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Last Updated on February 27, 2018

How to Make Someone Like You Before They Even Meet You

How to Make Someone Like You Before They Even Meet You

As humans, first impressions are very important. While we’ve heard that someone makes their first assumptions of you in the first 60 seconds of meeting, latest research by psychologists Janine Willis and Alexander Todorov from Princeton University have found it’s much much quicker than that. In fact it’s thought to happen within a tenth of a second.

In other words, it’s our facial appearance that will make or break a first impression with our brains instinctively looking for likeability, competence, trustworthiness, and aggressiveness.[1]

So can a negative first impression in that valuable blink of an eye be reversed?

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We All Judge and Make Assumptions

We don’t make judgements out of spite. It’s the human instinct to survive that causes us to make a decision to judge in order to decide if a particular person is worth keeping around or not, as quickly as possible.

There are a couple of things going on in the brain here: our lack of relevant memories we hold with a new person causes the brain to compensate for the lack of information. It therefore tries to make connections through what we see and hear together with past experiences. This is the survival mode kicking in that helps us make that decision on whether it’s someone worth meeting again and weighs up the value of the person to us.

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    What Can Influence People’s Perception?

    You may think what you see is a big factor in first impressions and, of course, it is. But have you ever formed an opinion of someone you’ve never met just by listening to someone else’s opinions of them? This is because the brain tends to make up stories or imagine information strongly based on our deep-rooted thoughts and beliefs.

    As a result, when you do meet someone after hearing opinions about them, everything they do will tend to further reinforce that imagined impression. If they happen to act in a different way, the brain will assume it’s just an exception in the moment.

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      This is why, when you form an impression of someone you’re about to meet, it can be very difficult to change how you think about them. Most of the time we are unaware this first impression bias is going on. If you’ve heard Fred is a forward-thinking entrepreneur and you’re ideas of forward-thinking entrepreneurs tend to be aggressive, cut-throat, confident people, Fred will have a hard time convincing you differently even if he shows he’s none of those things. This isn’t because you’re a terrible person; it’s the first impression bias taking over.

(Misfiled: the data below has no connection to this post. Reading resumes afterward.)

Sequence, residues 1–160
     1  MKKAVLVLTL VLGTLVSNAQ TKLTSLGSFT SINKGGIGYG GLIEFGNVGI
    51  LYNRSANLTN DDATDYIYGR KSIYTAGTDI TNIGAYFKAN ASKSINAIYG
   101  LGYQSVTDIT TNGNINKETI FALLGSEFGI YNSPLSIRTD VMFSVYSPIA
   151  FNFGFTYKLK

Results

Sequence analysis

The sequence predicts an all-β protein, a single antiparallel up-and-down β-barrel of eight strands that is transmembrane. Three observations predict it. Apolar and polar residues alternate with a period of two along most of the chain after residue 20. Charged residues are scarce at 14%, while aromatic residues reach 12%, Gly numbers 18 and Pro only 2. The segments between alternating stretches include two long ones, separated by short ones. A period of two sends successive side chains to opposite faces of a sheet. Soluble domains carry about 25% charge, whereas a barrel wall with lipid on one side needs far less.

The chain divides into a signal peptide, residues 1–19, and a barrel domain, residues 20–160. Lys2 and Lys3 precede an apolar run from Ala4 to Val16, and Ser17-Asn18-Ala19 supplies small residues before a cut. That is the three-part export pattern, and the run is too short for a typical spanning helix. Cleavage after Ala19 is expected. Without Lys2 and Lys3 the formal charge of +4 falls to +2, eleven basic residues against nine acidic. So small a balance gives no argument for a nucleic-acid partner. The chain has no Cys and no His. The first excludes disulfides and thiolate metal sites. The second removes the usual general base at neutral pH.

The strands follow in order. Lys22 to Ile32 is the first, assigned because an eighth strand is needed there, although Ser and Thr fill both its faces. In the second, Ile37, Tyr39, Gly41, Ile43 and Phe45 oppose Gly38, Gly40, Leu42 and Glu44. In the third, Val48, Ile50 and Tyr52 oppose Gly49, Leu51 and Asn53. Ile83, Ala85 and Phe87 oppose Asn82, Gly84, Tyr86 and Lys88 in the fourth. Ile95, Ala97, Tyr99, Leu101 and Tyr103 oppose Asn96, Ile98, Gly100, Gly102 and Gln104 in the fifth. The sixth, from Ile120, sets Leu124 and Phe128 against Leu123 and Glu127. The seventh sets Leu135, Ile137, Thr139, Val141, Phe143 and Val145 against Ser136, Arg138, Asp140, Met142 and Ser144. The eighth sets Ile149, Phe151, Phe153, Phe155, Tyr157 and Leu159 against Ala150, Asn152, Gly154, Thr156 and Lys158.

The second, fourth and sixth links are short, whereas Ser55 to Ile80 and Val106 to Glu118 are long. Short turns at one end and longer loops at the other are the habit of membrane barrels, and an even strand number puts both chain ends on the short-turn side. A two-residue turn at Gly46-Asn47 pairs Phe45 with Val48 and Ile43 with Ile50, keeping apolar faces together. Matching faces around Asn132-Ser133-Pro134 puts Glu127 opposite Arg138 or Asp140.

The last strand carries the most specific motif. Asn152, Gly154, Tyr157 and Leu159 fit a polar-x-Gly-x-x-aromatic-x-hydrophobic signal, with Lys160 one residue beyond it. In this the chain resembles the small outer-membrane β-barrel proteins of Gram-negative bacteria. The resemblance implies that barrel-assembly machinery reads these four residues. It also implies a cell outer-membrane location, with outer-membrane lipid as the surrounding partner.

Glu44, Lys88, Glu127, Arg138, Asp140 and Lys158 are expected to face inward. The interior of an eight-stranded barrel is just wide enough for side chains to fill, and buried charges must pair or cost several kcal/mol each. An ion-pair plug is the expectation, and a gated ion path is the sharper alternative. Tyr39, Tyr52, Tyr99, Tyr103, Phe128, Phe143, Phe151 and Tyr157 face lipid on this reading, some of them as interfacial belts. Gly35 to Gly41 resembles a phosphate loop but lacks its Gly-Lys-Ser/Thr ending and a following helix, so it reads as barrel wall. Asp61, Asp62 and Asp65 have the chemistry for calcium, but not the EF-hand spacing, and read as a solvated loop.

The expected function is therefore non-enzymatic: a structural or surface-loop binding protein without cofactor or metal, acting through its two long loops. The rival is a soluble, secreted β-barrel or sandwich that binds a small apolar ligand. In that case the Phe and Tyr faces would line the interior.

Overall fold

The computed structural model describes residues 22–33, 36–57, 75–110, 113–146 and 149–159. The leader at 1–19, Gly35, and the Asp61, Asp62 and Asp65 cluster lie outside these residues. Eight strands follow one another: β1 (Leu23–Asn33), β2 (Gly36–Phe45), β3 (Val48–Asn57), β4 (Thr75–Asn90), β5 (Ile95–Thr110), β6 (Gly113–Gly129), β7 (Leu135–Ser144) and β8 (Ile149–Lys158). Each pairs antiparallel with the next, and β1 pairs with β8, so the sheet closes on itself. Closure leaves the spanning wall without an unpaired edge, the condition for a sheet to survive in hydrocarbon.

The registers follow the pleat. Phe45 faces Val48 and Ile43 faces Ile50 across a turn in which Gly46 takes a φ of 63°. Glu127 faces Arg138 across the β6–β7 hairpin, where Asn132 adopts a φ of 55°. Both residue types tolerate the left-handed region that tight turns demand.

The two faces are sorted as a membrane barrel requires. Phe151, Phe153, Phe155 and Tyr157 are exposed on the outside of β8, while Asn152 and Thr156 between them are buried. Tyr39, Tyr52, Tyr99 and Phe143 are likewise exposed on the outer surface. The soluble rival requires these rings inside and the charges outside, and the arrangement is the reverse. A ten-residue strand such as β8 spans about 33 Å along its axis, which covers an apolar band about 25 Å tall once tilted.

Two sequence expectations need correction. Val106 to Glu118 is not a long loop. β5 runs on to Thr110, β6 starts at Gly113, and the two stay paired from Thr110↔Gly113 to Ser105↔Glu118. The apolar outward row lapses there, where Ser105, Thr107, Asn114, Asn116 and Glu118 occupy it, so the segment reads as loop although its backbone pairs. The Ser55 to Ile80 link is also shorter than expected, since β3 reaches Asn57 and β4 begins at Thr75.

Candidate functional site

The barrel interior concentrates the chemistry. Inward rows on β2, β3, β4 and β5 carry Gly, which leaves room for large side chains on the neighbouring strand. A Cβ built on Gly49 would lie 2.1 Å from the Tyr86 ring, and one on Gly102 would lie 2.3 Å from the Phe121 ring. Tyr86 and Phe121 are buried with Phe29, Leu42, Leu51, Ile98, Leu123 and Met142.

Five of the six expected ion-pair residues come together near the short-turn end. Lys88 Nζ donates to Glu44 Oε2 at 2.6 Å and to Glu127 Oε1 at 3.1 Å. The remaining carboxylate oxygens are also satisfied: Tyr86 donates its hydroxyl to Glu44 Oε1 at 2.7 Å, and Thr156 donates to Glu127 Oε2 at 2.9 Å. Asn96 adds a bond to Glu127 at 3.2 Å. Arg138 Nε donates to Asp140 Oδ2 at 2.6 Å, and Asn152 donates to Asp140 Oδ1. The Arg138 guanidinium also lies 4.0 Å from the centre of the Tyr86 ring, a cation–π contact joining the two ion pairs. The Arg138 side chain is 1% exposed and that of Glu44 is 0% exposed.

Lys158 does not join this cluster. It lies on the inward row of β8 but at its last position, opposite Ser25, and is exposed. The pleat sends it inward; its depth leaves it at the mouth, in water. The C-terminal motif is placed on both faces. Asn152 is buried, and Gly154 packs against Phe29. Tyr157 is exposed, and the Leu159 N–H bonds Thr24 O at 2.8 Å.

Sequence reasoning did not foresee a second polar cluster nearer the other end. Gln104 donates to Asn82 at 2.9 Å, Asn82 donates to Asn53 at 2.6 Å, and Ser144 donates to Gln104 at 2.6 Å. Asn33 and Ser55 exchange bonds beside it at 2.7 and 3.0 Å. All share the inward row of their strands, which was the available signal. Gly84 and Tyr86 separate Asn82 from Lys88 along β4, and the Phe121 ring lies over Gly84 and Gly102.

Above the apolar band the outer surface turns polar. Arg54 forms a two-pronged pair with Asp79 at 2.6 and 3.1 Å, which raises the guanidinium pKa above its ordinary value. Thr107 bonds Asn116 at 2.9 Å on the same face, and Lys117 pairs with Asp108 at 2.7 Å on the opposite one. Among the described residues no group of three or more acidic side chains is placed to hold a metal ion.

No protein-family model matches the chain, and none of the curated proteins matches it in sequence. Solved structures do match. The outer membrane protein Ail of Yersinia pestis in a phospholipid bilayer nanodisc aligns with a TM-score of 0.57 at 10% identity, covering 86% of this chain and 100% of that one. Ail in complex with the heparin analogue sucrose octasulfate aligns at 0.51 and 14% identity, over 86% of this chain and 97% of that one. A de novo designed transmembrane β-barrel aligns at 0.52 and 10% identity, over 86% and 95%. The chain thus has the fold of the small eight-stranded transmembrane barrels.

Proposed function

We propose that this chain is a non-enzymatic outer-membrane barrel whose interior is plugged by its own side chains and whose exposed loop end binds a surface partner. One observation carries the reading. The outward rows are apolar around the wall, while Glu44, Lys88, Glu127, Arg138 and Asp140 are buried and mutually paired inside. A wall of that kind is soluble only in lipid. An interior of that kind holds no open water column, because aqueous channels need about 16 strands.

Override The First Impression Bias

      We all want to make a good first impression with anyone we meet and one of the most common ways to do this is to give a compliment. Compliments are little gifts you can give others especially when they’re meaningful and genuine. However, there is a danger to giving compliments to people you first meet. It’s nothing to do with you and everything to do with them; people tend to discount your efforts because they suspect you are intentionally trying to influence them through flattery even if this isn’t your intention. A way to get around this is to get someone else to pass on the compliment. This naturally reduces skepticism.

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        The third party route can work the other way; getting someone to say something good about you. This is because it psychologically shapes their idea of you in a positive light. This is a strategy that will instantly help you mingle with people who you haven’t met before as they’ll subconsciously like you from what they’ve heard. Of course, this can go against you if someone was to bad-mouth you (even unintentionally) and as a result people will naturally be more wary and closed off towards you.

        There are some things to keep in mind when doing this:

        • Never force anyone to speak about you. A compliment through a third party must always come from the heart. Asking a friend to do something they don’t want to do won’t come from a genuine energy. It could also backfire and cause that person to end up saying negative things about you. Just make sure you choose a person who knows you really well and would love to emphasise your positive attributes.
        • Choose the type of compliment wisely. Make sure the compliment isn’t aimed at anything superficial like looks. Whether it’s a romantic opportunity or just friendship, it’s our personality that forms deep connections. So make it more about how kind, helpful or fun you are. This will cause less judgement in advance than your outward appearance.
        • Don’t lie or exaggerate. It can be tempting to build yourself up to others in order to give a good impression but this only lasts in the short term. Getting someone to lie will never turn out well because people will always notice eventually if something doesn’t match up. Make sure the compliment is genuine and coming from a good place.